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When you grow up in a household where money is the great unmentionable, it takes a lot of hard work and discipline to start the conversation with yourself.
By Liziwe Ndalana
“Money is tight” is a phrase I grew up hearing. My stepdad said it whenever we asked him for money for sweets.
He was a lovely man who loved us as his own, and we even had a nickname for him. Mmal’ayikho, meaning there is no money or money is tight.
As a middle child, I grew up hearing my older siblings call him mal’ayikho and I joined in. It was not until a few years ago, before he died, that I really understood the meaning behind his nickname.
I asked my mom why did we call him that, and she said whenever my siblings asked him money for sweets, he would say ima’layikho (there’s no money). By the time I was old enough, money was never talked about at home.
I grew up with no money or not seeing a lot of it, and even when it was there, no-one mentioned it. It was just a tool for us to do things with, but not worth discussing. This led to me believing that money is and will always be scarce or limited.
When I started working, the bulk of my first salary went into buying myself clothes for my graduation. It was a big deal for me. It felt like a lot of money, but it also felt like it was not enough.
It was a whirlwind of spending and I remember the short-lived joy it brought me. That was the beginning of my rollercoaster relationship with money. I’ve always felt a bit of a dread that money would disappear as soon as it appeared in my bank account.
In fact, that’s what I used to do: rush to spend all the money before it disappeared. It was such an emotionally exhausting process.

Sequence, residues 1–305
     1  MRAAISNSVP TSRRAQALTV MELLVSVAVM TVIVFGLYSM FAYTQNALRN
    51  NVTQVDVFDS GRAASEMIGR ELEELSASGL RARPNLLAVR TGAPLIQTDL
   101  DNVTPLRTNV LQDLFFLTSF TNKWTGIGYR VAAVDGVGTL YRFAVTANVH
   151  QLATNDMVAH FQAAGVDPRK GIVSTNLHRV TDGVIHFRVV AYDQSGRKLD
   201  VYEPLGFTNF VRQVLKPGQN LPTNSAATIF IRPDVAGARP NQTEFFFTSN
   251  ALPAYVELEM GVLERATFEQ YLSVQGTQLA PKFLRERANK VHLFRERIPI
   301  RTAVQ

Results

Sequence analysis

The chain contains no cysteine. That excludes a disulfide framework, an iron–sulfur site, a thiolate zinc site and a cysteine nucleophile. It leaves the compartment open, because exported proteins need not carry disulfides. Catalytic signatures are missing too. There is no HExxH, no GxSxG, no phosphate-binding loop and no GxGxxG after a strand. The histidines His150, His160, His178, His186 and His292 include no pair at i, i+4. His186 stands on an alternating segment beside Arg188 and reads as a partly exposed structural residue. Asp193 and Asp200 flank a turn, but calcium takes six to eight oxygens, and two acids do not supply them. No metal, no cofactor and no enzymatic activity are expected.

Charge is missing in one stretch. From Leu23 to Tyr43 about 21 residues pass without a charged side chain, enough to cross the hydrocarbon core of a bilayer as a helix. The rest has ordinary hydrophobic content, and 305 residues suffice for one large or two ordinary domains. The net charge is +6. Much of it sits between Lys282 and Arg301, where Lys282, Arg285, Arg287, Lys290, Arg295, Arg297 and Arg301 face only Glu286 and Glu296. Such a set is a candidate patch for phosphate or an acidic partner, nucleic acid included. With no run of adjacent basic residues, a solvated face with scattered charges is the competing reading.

It took me years before a shift began in my mind on how I see money. I learnt about budgeting and living within my means. The latter is still a challenge because of the additional strain of helping my family with my limited income, since I no longer have full-time employment.
I also had to draw some boundaries as far as helping family is concerned. I also learnt to save for a specific goal in mind. This has helped me to manage my money better in the past few years.
This goal-orientated saving has helped me see money as an empowerment tool. It taught me the importance of prioritising. Whenever a goal is realised, I learn that it’s not how much money you have, but it’s how you use it.
Psychologically, I had to work hard at debunking the myth that money is never enough. Money is enough to do what I need to do when I set specific goals with time-frames. I am still practicing this.
Now I decide what is important and what is urgent. I also prioritise debts and try not to stay with debt for too long. I’ve learnt about the importance of paying off my debts early to avoid paying excessive interest.
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